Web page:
Abandoned.

Again.

Brewer wrote that Seattle only will get a shot at re-admittance to the NBA — by buying and moving some other city’s team or through expansion — after Stern’s retirement on Feb. 1, 2014. Longtime columnist Art Thiel, writing for SportspressNW.com, also saw the vote as an extension of Stern’s will:

Delighted by the rising value of his franchises — Job One for any sports commissioner — but looking at another potential ugly relocation, Commissioner David Stern gave every chance for Sacramento to match the record Hansen bid. For one reason: He didn’t want to make the same mistake twice.

Rather than screw over a second city with relocation, he has screwed over, at least temporarily, the same city twice.

At worst, he figures he can live the rest of his days with never getting a drink brought for him in Seattle.

It’s possible that moving the Kings from Sacramento to Seattle would just shift the problem and hack off a whole new bunch of people. It also is possible, as Thiel suggests, that keeping Seattle open as a viable market gives the NBA leverage over shaky franchises or headstrong municipalities not unlike the NFL has with Los Angeles in waiting for someone’s team.

Another possibility, intentionally or not, is that the NBA is teaching a lesson to the decision-makers in its many markets: Love us now, not after we’ve gone.

Seattle did not play nice with the NBA prior to 2008, fighting Clay Bennett (who is the head of the relocation committee, by the way) and not budging on financing for a new arena. Sacramento, on the other hand, has rolled up its sleeves and been busy finding ways to keep its only major league caliber team in town.

That’s the sort of commitment — before things get broken, not after it’s too late — that Stern and the other owners (who love $550 million franchise valuations and the freedom to sell or move when they want) treasure most.

In the meantime, Stern was right as this Kings/Sonics decision approached. One city or the other was going to be unhappy. Now there’s no more guessing.

Front Office Phil (Jackson) Headed North?



HANG TIME HEADQUARTERS – You need a passport for this week’s stop on the Phil Jackson rumor train.

Cleveland is history, Mike Brown‘s the new (old) coach there. The Seattle situation, complete with Chris Hansen and his affinity for Jackson, took a serious hit Monday when Sacramento prevailed in its bid to keep the Kings in California. The Los Angeles Lakers’ situation is still in flux as no one knows what is going to happen with Dwight Howard (free agency looms), Kobe Bryant (rehabilitation from Achilles surgery is underway) and coach Mike D’Antoni (good for next season as coach), but they will all certainly be in the crosshairs this summer.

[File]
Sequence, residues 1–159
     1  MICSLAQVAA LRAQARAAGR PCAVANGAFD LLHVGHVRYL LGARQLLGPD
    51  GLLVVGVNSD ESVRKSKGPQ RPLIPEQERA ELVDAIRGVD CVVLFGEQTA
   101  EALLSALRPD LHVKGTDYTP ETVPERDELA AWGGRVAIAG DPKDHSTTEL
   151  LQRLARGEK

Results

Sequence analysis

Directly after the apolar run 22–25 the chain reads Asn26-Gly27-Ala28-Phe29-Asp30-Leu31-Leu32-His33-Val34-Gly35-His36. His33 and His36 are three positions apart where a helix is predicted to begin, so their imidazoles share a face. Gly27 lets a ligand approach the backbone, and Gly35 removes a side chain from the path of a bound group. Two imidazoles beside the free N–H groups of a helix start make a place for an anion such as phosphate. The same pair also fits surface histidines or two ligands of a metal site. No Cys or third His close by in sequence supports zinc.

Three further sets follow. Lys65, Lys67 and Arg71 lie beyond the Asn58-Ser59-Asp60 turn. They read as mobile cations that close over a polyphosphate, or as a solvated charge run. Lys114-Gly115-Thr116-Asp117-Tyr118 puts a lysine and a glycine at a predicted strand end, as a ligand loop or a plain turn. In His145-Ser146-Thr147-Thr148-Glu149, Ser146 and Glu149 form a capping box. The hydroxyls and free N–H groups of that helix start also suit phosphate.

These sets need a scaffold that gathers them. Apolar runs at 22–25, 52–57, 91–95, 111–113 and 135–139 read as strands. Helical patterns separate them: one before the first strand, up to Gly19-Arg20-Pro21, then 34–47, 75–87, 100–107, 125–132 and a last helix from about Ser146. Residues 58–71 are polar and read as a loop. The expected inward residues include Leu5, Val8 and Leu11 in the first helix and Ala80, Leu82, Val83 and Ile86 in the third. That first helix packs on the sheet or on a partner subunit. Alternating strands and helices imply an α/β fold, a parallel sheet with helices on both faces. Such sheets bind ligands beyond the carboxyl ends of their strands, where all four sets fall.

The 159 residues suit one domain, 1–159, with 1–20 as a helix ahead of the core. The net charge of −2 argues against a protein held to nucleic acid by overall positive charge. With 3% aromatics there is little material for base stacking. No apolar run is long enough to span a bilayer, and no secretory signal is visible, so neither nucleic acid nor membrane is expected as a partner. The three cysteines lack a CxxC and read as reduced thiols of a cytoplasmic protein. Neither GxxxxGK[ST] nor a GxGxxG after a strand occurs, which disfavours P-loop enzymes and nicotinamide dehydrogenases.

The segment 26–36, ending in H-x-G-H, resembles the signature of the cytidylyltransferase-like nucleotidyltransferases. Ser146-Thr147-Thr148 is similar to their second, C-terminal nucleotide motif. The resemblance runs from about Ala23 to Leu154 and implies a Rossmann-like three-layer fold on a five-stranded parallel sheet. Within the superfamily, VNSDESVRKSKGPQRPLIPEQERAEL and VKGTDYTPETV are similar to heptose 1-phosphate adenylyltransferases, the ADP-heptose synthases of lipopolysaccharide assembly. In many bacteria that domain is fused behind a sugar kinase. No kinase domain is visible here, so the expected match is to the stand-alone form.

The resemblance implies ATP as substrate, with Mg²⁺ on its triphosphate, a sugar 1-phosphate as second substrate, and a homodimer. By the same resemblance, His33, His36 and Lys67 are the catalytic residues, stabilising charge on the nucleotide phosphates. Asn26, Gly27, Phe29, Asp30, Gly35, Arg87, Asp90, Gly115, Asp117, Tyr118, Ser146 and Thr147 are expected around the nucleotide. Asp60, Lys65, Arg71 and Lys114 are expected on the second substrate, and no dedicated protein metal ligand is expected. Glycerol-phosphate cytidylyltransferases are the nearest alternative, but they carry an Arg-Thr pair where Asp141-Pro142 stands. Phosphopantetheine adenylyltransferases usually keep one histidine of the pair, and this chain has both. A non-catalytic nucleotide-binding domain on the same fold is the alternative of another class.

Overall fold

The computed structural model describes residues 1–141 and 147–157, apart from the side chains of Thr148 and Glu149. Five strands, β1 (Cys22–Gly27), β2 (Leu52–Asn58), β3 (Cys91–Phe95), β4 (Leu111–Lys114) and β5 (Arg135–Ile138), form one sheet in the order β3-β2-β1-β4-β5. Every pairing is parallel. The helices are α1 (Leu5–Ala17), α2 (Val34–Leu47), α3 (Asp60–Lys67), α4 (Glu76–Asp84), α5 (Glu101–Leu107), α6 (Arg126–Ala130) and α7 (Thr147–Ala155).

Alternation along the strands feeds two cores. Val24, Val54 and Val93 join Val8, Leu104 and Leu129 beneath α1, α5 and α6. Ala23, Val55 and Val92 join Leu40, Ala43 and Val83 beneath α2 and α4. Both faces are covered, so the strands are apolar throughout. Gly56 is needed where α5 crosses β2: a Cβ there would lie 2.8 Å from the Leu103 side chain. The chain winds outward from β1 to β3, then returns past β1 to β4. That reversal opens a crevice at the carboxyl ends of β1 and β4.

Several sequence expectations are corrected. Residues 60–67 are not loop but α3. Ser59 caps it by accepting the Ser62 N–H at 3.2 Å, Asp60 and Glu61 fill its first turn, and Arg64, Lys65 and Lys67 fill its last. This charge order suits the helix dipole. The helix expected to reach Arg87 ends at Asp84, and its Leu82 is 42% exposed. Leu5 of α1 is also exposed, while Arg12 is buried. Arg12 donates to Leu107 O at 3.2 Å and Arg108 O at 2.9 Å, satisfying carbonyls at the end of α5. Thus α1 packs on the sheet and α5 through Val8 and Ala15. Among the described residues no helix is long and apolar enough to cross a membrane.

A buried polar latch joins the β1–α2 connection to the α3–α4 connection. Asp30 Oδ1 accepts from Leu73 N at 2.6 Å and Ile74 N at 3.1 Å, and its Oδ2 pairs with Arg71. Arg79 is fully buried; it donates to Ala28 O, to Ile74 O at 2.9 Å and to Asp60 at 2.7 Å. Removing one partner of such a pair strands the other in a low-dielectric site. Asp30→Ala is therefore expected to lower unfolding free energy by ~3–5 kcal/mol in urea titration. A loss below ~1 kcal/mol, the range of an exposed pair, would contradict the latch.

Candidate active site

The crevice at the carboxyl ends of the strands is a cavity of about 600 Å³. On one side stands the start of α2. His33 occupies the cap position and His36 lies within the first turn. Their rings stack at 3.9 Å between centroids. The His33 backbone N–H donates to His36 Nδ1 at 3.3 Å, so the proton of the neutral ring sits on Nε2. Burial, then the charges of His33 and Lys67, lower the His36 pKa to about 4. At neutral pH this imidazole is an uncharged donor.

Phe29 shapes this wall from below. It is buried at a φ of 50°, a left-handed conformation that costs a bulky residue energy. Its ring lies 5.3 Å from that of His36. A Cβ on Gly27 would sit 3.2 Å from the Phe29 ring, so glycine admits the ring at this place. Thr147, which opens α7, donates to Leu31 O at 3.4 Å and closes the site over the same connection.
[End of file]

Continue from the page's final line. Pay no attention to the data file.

So the attention to Jackson has shifted north, to Toronto, where reports have the Raptors exploring the possibilities of trying to woo Jackson to be a part of their front office structure. Since he’s made it clear that he has no interest in returning to the league as a coach, the ideal situation for the Zen Master is to return as Front Office Phil.

Jackson’s relationship with new Maple Leaf Sports and Entertainment boss, Tim Leiweke, presents the Raptors with an opportunity to pursue Jackson in ways that didn’t seem possible before, as Marc Stein and Ramona Shelburne of ESPN.com detail here:

One source said that Leiweke’s “vision and energy” and history of shared success at Staples Center with the 11-time championship coach ensures that Jackson will give the pitch strong consideration despite skepticism around the league about his willingness to relocate to Canada.

Amid its pursuit of Jackson in the wake of Leiweke’s arrival, Raptors president Bryan Colangelo is scheduled to meet with the MLSE board next week in hopes of convincing his bosses to pick up the option year on his contract. The 2013-14 option in coach Dwane Casey‘s contract was picked up by Colangelo before this season, but Leiweke’s arrival has thrown both of their futures into some immediate doubt.

In an interview last week with the San Francisco Chronicle, Jackson said “three or four teams” have already expressed interest and that “none of it involves coaching.”

“There are some interesting situations that are presenting themselves, but I really haven’t made up my mind yet what I’m going to do,” Jackson told the Chronicle.

Jackson also confirmed to the newspaper he’s interested in a developing team “where you’d have the influence in [selecting the] coaching staff and the kind of culture that goes along with it.”

It makes sense, until you remember that Jackson’s ties to the Lakers remain extremely strong. And until the Lakers make some concrete decisions about their future, there always be those who hold out hope that Jackson (alongside his fiancée Jeanie Buss) will return to the Lakers and help fix all that’s gone wrong since he departed two years ago.

That reconciliation seems impossible as long as Jim Buss and Mitch Kupchak remain at the controls for the Lakers. Quite frankly, they have more pressing matters to tend to, namely what Howard will do in free agency. Having him in the fold with Pau Gasol makes the Lakers’ recovery from their ragged 2012-13 season one of the most crucial stretches in recent franchise history, considering they’ll have to do it without a healthy Bryant to shoulder the bulk of the responsibility.